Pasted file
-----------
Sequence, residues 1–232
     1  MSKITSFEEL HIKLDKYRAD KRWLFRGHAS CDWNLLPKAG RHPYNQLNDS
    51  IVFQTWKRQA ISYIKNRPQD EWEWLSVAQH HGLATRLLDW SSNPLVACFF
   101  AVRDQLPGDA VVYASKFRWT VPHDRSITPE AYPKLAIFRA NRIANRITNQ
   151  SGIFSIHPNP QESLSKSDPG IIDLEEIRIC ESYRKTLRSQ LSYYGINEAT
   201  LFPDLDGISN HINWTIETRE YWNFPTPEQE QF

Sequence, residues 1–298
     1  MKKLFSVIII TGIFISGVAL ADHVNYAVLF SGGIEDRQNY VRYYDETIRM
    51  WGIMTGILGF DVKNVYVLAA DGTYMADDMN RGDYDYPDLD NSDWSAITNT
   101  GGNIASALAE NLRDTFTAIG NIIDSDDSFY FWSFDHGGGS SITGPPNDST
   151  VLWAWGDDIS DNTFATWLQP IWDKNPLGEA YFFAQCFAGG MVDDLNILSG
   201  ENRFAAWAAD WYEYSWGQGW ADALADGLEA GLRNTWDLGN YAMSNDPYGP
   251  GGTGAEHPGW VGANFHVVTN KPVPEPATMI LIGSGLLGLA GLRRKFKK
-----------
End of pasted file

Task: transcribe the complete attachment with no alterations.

Sequence, residues 1–232
     1  MSKITSFEEL HIKLDKYRAD KRWLFRGHAS CDWNLLPKAG RHPYNQLNDS
    51  IVFQTWKRQA ISYIKNRPQD EWEWLSVAQH HGLATRLLDW SSNPLVACFF
   101  AVRDQLPGDA VVYASKFRWT VPHDRSITPE AYPKLAIFRA NRIANRITNQ
   151  SGIFSIHPNP QESLSKSDPG IIDLEEIRIC ESYRKTLRSQ LSYYGINEAT
   201  LFPDLDGISN HINWTIETRE YWNFPTPEQE QF

Sequence, residues 1–298
     1  MKKLFSVIII TGIFISGVAL ADHVNYAVLF SGGIEDRQNY VRYYDETIRM
    51  WGIMTGILGF DVKNVYVLAA DGTYMADDMN RGDYDYPDLD NSDWSAITNT
   101  GGNIASALAE NLRDTFTAIG NIIDSDDSFY FWSFDHGGGS SITGPPNDST
   151  VLWAWGDDIS DNTFATWLQP IWDKNPLGEA YFFAQCFAGG MVDDLNILSG
   201  ENRFAAWAAD WYEYSWGQGW ADALADGLEA GLRNTWDLGN YAMSNDPYGP
   251  GGTGAEHPGW VGANFHVVTN KPVPEPATMI LIGSGLLGLA GLRRKFKK